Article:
Canadian federalism
Canadian federalism is concerned with the current nature and historical development of federal systems within Canada. Canada is a federation with 11 distinct jurisdictions of governmental authority: t...
Canadian federalism - Wikipedia
Monarchy of Canada
The monarchy of Canada is the core of both Canada's federalism and its Westminster-style parliamentary democracy, being the foundation of the executive, legislative, and judicial branches of the feder...
Monarchy of Canada - Wikipedia
Monarchy in the Canadian provinces
The monarchy of Canada forms the core of each Canadian provincial jurisdiction's Westminster-style parliamentary democracy, being the foundation of the executive, legislative, and judicial branches of...
Monarchy in the Canadian provinces - Wikipedia
Canadian constitutional law
Canadian constitutional law is the area of Canadian law relating to the interpretation and application of the Constitution of Canada by the Courts. All laws of Canada, both provincial and federal, mus...
Canadian constitutional law - Wikipedia
Section 91(2) of the Constitution Act, 1867
Section 91(2) of the Constitution Act, 1867, also known as the trade and commerce power, grants the Parliament of Canada the authority to legislate on:The development of Canadian constitutional law ha...
Interjurisdictional immunity
In Canadian Constitutional law, interjurisdictional immunity is the legal doctrine that determines where legislation arising from one level of jurisdiction may be applicable to matters covered at anot...
Interjurisdictional immunity - Wikipedia
Confederation Poets
"Confederation Poets" is the name given to a group of Canadian poets born in the decade of Canada's Confederation (the 1860s) who rose to prominence in Canada in the late 1880s and 1890s. The term was...
Confederation Poets - Wikipedia
Charlottetown Conference
The Charlottetown Conference was held in Charlottetown, Prince Edward Island for representatives from the colonies of British North America to discuss Canadian Confederation. The conference took place...
Charlottetown Conference - Wikipedia
Criminal law of Canada
The criminal law of Canada is under the exclusive legislative jurisdiction of the federal government, unlike in Australia or the US (see also federal crime). The power to enact criminal law is derived...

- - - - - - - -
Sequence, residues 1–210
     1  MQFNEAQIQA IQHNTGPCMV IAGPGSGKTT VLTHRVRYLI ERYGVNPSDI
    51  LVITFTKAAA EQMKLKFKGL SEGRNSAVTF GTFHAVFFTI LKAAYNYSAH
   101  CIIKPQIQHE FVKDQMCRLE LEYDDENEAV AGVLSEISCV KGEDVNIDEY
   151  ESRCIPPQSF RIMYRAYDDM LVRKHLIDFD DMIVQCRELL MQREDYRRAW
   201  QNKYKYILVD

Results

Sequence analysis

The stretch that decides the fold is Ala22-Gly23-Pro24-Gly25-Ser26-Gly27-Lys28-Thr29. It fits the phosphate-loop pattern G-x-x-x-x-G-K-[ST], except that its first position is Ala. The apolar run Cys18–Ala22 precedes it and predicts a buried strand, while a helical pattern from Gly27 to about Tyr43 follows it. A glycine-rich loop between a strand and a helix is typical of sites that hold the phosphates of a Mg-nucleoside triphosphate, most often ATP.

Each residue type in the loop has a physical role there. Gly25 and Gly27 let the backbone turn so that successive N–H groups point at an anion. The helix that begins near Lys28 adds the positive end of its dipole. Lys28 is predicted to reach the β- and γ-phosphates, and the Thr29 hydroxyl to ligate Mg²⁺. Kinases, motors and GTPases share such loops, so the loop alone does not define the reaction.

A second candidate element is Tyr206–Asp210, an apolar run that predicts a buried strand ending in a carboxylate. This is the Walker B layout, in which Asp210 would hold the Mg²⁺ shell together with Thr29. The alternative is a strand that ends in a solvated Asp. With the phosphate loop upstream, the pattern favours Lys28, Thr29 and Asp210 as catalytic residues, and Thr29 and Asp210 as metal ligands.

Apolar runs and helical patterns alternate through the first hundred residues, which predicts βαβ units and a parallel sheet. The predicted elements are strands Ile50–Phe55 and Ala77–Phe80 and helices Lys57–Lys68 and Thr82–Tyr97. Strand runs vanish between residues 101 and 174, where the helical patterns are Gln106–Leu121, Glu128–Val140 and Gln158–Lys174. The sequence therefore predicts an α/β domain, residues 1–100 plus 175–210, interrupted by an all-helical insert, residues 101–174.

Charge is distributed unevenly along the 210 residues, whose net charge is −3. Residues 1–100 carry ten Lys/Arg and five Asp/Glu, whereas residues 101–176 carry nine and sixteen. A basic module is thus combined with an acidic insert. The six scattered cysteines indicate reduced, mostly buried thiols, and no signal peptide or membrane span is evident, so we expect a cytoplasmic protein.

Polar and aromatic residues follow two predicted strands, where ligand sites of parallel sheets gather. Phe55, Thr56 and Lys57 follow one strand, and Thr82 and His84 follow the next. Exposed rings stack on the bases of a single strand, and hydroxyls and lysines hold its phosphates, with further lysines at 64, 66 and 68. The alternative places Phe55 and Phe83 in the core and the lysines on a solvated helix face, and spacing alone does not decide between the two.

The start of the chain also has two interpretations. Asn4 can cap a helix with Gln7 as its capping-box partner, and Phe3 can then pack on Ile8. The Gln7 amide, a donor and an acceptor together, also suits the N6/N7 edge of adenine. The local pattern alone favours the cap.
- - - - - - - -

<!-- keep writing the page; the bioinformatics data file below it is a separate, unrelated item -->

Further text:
Section Thirty-one of the Canadian Charter of Rights and Freedoms
Section 31 of the Canadian Charter of Rights and Freedoms is a part of the Constitution of Canada, which clarifies that the Charter does not increase the powers of either the federal government or the...
Section Thirty-one of the Canadian Charter of Rights and Freedoms - Wikipedia
Canadian Charter of Rights and Freedoms
The Canadian Charter of Rights and Freedoms (French: La Charte canadienne des droits et libertés), in Canada often simply the Charter, is a bill of rights entrenched in the Constitution of Canada....
Canadian Charter of Rights and Freedoms - Wikipedia
Quebec federalist ideology
Federalism in Quebec (French: Fédéralisme au Québec) revolves around the concept of Quebec remaining within Canada, in opposition to the desires of Quebec sovereigntists and proponents of Quebec indep...
Quebec federalist ideology - Wikipedia
Peace, order, and good government
In many Commonwealth jurisdictions, the phrase "peace, order, and good government" is an expression used in law to express the legitimate objects of legislative powers conferred by statute. The phrase...
Canadian royal symbols
Canadian royal symbols are the visual and auditory identifiers of the Canadian monarchy, including the viceroys, in the country's federal and provincial jurisdictions. These may specifically distingui...
Canadian royal symbols - Wikipedia
Government Houses in Canada
In Canada, Government House is a title given to the official residences of the country's monarch and various viceroys (the governor general and the lieutenant governors). Though not universal, in most...
Government Houses in Canada - Wikipedia
Section 92(13) of the Constitution Act, 1867
Section 92(13) of the Constitution Act, 1867, also known as the property and civil rights power, grants the provincial legislatures of Canada the authority to legislate on:It is one of three key resid...
Government Houses of Canada
In Canada, Government House is a title given to the official residences of the country's monarch and various viceroys (the governor general and the lieutenant governors). Though not universal, in most...
Government Houses of Canada - Wikipedia